Laser Cordotomy

A laser cordotomy is a minimally invasive procedure to treat bilateral vocal cord paralysis (vocal fold paralysis). A surgeon makes a small incision in one or both vocal cords. The incision widens your airway, allowing you to breathe better. You may have a laser cordotomy even if you’ve already had a tracheostomy.


What is a laser cordotomy?

A laser cordotomy is a minimally invasive medical procedure that a healthcare provider may use to widen your airway. During the procedure, a surgeon uses a laser to make a small cut (incision) in one or both of your vocal cords. The incision allows space for air to flow between your vocal cords.

What does a laser cordotomy treat?

A laser cordotomy treats bilateral vocal cord paralysis (vocal fold paralysis). In bilateral vocal cord paralysis, neither of your vocal cords open and close as they should. Your vocal cords are stuck close together, resulting in a very narrow airway. A narrow airway can cause problems with speaking, swallowing and breathing.


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Procedure Details

How should I prepare for a laser cordotomy?

Your healthcare team will tell you how to prepare for a laser cordotomy. Before treatment, your team will assess your:

  • Airflow and force when you speak.
  • Breathing ability.
  • Vocal cord activity.
  • Vocal quality.

A speech-language pathologist (SLP) will take video images of your vocal cords. These images document your airway size and vocal cord position. The pathologist will take another video after surgery to measure improvements.

What happens during a laser cordotomy?

Before the procedure, you’ll receive general anesthesia to stay in a sleeplike state. During the procedure, your surgeon will:

  1. Position a special camera called a laryngoscope through your mouth and throat to view your larynx (voice box) and vocal cords.
  2. Place a small, moistened sponge in the area below your vocal cords (subglottic space) to prevent damage to the tissues around your vocal cords.
  3. Use a focused laser beam to make an incision in one or both vocal cords.

How long does a laser cordotomy take?

A laser cordotomy procedure usually takes about 30 to 60 minutes.

What happens after a laser cordotomy?

After the procedure, you’ll stay in the hospital for about 24 hours for monitoring. You’ll receive intravenous (IV) steroids to prevent vocal cord swelling during your stay. Your healthcare provider may prescribe antibiotics, oral steroids and anti-reflux medicines for you to take for one to three weeks while you heal.


Risks / Benefits

What are the benefits of a laser cordotomy?

Before laser cordotomy was an option, many people needed a tracheostomy to treat bilateral vocal cord paralysis. In a tracheostomy, a surgeon creates an opening in your windpipe (trachea) from the outside of your neck. This procedure allows you to breathe through a tube connected to the opening.

Compared to tracheostomy, a laser cordotomy is far less invasive. It can improve your breathing, swallowing and voice function while maintaining a higher quality of life. Sometimes, a laser cordotomy can be used to help someone with a tracheostomy achieve decannulation (tracheostomy removal).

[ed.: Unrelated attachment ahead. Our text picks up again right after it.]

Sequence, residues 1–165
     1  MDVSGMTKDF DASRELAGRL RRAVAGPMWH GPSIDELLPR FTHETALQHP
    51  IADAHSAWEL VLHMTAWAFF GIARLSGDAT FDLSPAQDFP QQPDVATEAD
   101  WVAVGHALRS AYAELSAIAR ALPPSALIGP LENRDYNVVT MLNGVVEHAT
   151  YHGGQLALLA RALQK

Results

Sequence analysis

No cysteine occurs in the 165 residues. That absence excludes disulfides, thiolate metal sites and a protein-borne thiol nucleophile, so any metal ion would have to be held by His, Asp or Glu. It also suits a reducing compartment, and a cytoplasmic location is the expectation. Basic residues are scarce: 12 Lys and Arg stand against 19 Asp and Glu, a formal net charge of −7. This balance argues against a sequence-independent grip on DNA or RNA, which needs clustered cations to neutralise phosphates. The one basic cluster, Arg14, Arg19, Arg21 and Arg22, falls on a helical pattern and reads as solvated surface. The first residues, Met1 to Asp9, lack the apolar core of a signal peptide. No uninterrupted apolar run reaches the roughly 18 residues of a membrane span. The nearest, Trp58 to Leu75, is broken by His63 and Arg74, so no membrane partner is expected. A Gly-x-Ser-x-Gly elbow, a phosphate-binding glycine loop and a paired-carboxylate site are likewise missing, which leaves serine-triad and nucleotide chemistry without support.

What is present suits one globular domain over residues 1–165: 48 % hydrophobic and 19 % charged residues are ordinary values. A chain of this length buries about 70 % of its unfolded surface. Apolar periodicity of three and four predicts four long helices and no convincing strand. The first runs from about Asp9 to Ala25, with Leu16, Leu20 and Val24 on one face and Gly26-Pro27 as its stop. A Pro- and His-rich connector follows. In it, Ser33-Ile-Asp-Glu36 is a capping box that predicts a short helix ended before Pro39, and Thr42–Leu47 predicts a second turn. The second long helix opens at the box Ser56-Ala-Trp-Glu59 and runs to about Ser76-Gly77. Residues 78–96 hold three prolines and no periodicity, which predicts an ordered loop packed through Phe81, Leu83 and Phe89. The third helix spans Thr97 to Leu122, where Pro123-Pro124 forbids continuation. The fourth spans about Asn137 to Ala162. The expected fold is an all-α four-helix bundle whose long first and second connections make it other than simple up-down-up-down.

What are the risks or complications of a laser cordotomy?

Laser cordotomy has fewer risks than a tracheostomy, making it a preferred treatment option. But potential complications may include:

  • Bleeding in your voice box.
  • Injury to your lips, teeth or palate when inserting the laryngoscope.
  • Scar tissue around your vocal cords.
  • Vocal cord swelling.


Recovery and Outlook

What is the recovery time from a laser cordotomy?

Recovering from a laser cordotomy takes about three months. In some instances, you may need a revision cordotomy to get the best results.

You may inhale steam to help soothe your vocal cords during healing. Your healthcare provider may also recommend vocal rest to speed up your recovery. During vocal rest, you should avoid:

  • Coughing.
  • Shouting.
  • Singing.
  • Speaking loudly.

When To Call the Doctor

When should I call my healthcare provider after a laser cordotomy?

Call your healthcare provider if you notice any signs of complications after a laser cordotomy, including:

  • Difficulty swallowing.
  • Injuries around your lips or teeth.
  • Trouble breathing.

Additional Common Questions

Cordotomy vs. cordectomy – what’s the difference?

A vocal cord cordotomy involves making a small incision in one or both vocal cords while keeping the rest of your vocal cords intact. A vocal cord cordectomy is a procedure to remove part or all of your vocal cords. Healthcare providers typically use a cordectomy to treat laryngeal cancer, while a cordotomy is used to treat vocal cord paralysis.

Can I have a laser cordotomy if I’ve had a tracheostomy?

Yes, you may be able to get a laser cordotomy if you’ve had a tracheostomy to treat vocal cord paralysis. If you’re a good candidate for a laser cordotomy, your surgeon will close your tracheostomy when they perform the cordotomy. Sometimes, a cordotomy is used to help remove a tracheostomy tube alone or in conjunction with additional procedures.

A note from Cleveland Clinic

If you’re having difficulty speaking, swallowing and breathing due to vocal cord paralysis, your healthcare provider may recommend a laser cordotomy. This procedure is much less invasive than older treatment methods like tracheostomy, and it can improve your breathing, swallowing and voice function while maintaining a higher quality of life.

Medically Reviewed

Last reviewed on 11/14/2023.

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